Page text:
4. Lastly it is argued that the order that has been passed by the Subordinate Judge is calculated to cause injury to the petitioner. There is no question that there will be some change in the frame of the suit, but according to the lunatic's case it is unavoidable.
5. Apart from all the questions that have been raised I am not satisfied that the petitioner has been able to make out a case for our interference in the exercise of our extraordinary jurisdiction under Section 115, Civil Procedure Code.
6. The Rule is, therefore, discharged with costs to Opposite Party No. 10. The hearing-fee is assessed at three gold mohurs.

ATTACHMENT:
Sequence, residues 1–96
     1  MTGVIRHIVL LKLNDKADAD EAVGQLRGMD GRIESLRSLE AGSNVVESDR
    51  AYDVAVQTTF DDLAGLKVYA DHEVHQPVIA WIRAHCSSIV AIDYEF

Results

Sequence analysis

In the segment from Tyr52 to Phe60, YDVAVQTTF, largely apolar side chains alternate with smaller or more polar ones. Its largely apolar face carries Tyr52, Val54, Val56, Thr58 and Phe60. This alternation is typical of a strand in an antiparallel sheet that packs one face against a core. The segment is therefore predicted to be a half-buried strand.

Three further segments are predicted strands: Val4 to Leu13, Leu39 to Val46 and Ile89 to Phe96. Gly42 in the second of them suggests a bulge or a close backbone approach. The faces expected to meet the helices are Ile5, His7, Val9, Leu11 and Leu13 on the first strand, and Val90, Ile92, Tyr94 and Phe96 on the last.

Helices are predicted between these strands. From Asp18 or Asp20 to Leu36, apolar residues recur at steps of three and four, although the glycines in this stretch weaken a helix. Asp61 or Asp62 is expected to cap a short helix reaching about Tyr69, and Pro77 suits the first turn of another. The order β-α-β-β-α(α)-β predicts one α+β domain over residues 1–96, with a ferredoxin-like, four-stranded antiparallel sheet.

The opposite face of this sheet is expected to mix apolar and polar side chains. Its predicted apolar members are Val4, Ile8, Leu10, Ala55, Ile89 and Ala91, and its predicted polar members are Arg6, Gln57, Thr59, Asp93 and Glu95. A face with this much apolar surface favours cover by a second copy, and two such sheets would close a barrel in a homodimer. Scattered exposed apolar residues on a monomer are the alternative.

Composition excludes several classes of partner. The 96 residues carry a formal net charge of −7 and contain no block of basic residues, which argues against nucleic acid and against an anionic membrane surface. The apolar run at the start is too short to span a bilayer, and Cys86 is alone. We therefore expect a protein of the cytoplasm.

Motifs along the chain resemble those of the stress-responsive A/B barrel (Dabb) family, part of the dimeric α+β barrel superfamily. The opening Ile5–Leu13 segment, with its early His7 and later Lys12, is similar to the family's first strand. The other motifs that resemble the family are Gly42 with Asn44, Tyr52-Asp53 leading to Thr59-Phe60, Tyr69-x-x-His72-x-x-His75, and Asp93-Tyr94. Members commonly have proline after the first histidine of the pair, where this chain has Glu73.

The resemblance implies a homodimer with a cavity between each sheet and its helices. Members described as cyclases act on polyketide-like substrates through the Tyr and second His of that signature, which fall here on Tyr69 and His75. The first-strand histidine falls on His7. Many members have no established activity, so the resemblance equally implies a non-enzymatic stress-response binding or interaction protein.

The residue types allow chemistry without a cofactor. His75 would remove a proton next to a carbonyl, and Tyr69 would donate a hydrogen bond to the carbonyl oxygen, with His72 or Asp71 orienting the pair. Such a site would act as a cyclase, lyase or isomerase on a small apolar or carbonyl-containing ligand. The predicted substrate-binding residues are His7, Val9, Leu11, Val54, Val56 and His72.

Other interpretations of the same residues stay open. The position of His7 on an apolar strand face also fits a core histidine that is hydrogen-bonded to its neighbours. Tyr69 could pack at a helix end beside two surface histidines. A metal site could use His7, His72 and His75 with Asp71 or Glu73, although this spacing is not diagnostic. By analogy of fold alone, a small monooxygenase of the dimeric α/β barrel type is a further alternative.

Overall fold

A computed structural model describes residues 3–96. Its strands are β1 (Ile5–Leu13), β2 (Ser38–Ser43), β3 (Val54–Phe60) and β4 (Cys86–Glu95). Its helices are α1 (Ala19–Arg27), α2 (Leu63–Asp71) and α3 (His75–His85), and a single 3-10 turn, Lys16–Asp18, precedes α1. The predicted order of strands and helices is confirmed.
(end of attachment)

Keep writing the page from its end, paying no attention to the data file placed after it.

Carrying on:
7. I agree with the order that my learned brother proposes to pass. I would only make one remark on one point in connection with this case and that is as to the way in which the guardian of the lunatic came into the case as a plaintiff and has been transferred to the position of a defendant. It appears that on the application of the plaintiff No. 1 Padma Lochan Pal, the then guardian of the lunatic Gobindo, was ordered by the District Judge to become a plaintiff on certain allegations mainly made by Padma Lochan Pal. It also appears that the plaint itself was not before the District Judge when he passed that order and I doubt, when we consider the nature of the plaint and the pleadings of the parties, whether if he had considered them the District Judge would have passed any such order at all, as it appears to me to be very clear that the interests of the plaintiff No. 1 and plaintiff No. 2 are adverse to one another and that, to no inconsiderable extent, and though no doubt it was proposed in the suit to leave open the question of the exact share of these two brothers inter se in the partnership property, there was no reason why that matter should not be decided in this litigation. I feel, however, that when the Subordinate Judge found that the District Judge in his lunatic jurisdiction ordered the plaint to be signed, he has no power on his own motion to permit one party or the representative of that party to withdraw from category of the plaintiff and I consider that technically he acted without jurisdiction. But the matter did at the instance of this Court go back to the Court below to be looked into the merits by the learned District Judge as to whether the lunatic ought to be yoked with Padma Lochan Pal as a co-plaintiff in a suit of this nature and the present learned District Judge of Tipperah went fully into the question and decided that it was not desirable that the two should be co-plaintiffs, nor has anything in the argument of the learned pleader for the petitioner before me convinced me that the order of the District Judge in this respect is wrong; in this view, therefore, it is only just that the parties should not be yoked together as plaintiffs in this particular litigation. I, therefore, agree that the Rule should be discharged.